Archive for the Books Category

Le Monde puzzle [#1009]

Posted in Books, Kids with tags , , , , on May 26, 2017 by xi'an

An incomprehensible (and again double) Le Monde mathematical puzzle (despite requests to the authors! The details in brackets are mine.):

  1. A [non-circular] chain of 63 papers clips can be broken into sub-chains by freeing one clip [from both neighbours] at a time. At a given stage, considering the set of the lengths of these sub-chains, the collection of all possible sums of these lengths is a subset of {1,…,63}. What is the minimal number of steps to recover the entire set {1,…,63}?  And what is the maximal length L of a chain of paper clips that allows this recovery in 8 steps?
  2.  A tri-colored chain of 200 paper clips starts with a red, a blue and a green clip. Removing one clip every four clips produces a chain of 50 removed clips identical to the chain of 50 first clips of the original chain and a chain of remaining 150 clips identical to the 150 first clips of the original chain. Deduce the number of green, red, and blue clips.

The first question can be easily tackled by random exploration. Pick one number at random between 1 and 63, and keep picking attached clips until the set of sums is {1,…,63}. For instance,

rebreak0]
 sumz=cumsum(sample(difz))
 for (t in 1:1e3)
  sumz=unique(c(sumz,cumsum(sample(difz))))
 if (length(sumz)<63)
    brkz=rebreak(sort(c(brkz,sample((1:63)[-brkz],1))))
 return(brkz)}

where I used sampling to find the set of all possible partial sums. Which leads to a solution with three steps, at positions 5, 22, and 31. This sounds impossibly small but the corresponding lengths are

1 1 1 4 8 16 32

from which one can indeed recover by summation all numbers till 63=2⁶-1. From there, a solution in 8 steps can be found by directly considering the lengths

1 1 1 1 1 1 1 1 9 18=9+8 36=18+17+1 72 144 288 576 1152 2303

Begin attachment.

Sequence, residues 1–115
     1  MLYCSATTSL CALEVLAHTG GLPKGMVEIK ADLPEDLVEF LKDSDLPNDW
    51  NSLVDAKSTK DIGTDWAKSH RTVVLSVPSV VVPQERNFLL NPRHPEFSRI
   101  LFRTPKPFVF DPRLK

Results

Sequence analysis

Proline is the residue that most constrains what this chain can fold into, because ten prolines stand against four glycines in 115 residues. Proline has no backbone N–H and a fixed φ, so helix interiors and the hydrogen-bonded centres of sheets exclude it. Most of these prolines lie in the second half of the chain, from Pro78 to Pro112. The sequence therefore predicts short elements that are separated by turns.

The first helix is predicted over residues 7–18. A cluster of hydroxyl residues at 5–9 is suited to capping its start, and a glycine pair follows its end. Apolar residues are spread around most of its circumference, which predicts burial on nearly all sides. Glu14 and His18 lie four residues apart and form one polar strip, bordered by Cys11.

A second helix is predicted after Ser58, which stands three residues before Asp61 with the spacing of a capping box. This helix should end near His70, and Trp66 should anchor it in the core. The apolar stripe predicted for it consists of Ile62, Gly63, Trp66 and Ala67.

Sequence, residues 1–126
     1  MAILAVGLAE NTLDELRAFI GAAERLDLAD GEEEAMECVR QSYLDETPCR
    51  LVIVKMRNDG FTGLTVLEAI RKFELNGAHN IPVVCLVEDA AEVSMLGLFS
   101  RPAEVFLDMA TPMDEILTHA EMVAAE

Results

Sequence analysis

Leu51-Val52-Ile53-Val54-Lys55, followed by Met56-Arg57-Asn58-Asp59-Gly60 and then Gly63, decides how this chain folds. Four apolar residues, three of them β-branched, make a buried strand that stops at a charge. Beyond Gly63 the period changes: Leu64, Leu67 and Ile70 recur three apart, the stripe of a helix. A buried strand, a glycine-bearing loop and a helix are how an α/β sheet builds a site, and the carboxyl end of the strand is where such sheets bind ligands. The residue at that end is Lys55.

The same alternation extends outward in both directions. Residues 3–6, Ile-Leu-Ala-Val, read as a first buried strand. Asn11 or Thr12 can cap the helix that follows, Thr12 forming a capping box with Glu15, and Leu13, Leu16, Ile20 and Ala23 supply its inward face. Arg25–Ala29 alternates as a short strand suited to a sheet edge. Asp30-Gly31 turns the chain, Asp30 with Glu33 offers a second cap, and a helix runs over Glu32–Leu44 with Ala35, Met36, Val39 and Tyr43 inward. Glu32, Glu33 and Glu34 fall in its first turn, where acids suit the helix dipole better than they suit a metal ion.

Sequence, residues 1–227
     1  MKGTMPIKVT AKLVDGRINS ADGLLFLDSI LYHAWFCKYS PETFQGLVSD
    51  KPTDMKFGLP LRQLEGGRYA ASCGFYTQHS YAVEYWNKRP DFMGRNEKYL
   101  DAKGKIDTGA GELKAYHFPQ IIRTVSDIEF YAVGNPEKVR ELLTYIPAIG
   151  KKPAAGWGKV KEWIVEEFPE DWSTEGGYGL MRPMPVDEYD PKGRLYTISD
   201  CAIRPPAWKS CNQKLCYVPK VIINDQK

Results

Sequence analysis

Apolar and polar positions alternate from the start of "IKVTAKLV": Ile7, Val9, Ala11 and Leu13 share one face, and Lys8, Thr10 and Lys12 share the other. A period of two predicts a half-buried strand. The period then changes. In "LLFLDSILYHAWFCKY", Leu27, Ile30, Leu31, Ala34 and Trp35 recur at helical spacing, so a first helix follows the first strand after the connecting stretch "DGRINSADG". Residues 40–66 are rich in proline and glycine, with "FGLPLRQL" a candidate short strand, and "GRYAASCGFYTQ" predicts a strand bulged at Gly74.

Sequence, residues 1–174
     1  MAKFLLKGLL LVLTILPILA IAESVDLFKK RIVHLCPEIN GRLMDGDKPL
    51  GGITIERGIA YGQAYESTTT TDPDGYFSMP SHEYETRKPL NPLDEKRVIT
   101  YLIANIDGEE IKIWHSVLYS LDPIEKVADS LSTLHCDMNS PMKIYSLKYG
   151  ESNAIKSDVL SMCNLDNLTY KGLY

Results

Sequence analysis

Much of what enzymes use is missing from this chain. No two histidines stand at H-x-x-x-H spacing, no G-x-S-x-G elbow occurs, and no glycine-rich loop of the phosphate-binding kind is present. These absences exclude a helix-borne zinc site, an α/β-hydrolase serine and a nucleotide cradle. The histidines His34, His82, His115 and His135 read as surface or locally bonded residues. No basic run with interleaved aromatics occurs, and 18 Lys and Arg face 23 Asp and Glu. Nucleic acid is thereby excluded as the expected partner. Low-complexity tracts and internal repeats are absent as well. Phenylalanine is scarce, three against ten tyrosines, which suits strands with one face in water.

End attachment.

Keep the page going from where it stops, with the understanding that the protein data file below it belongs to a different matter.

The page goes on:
whose total sum is 4607. And with breaks

10 29 66 139 284 573 1150 2303

The second puzzle is completely independent. Running another R code reproducing the constraints leads to

tromcol=function(N=200){
  vale=rep(0,N)
  vale[1:3]=1:3
  while (min(vale)==0){
    vale[4*(1:50)]=vale[1:50]
    vale[-(4*(1:50))]=vale[1:150]}
  return(c(sum(vale==1),sum(vale==2),sum(vale==3)))}

and to 120 red clips, 46 blue clips and 34 green clips.

ARS: when to update?

Posted in Books, Kids, Statistics, University life with tags , , , , , on May 25, 2017 by xi'an

An email I got today from Heng Zhou wondered about the validity of the above form of the ARS algorithm. As printed in our book Monte Carlo Statistical Methods. The worry is that in the original version of the algorithm the envelope of the log-concave target f(.) is only updated for rejected values. My reply to the question is that there is no difference in the versions towards returning a value simulated from f, since changing the envelope between simulations does not modify the accept-reject nature of the algorithm. There is no issue of dependence between the simulations of this adaptive accept-reject method, all simulations remain independent. The question is rather one about efficiency, namely does it pay to update the envelope(s) when accepting a new value and I think it does because the costly part is the computation of f(x), rather than the call to the piecewise-exponential envelope. Correct me if I am wrong!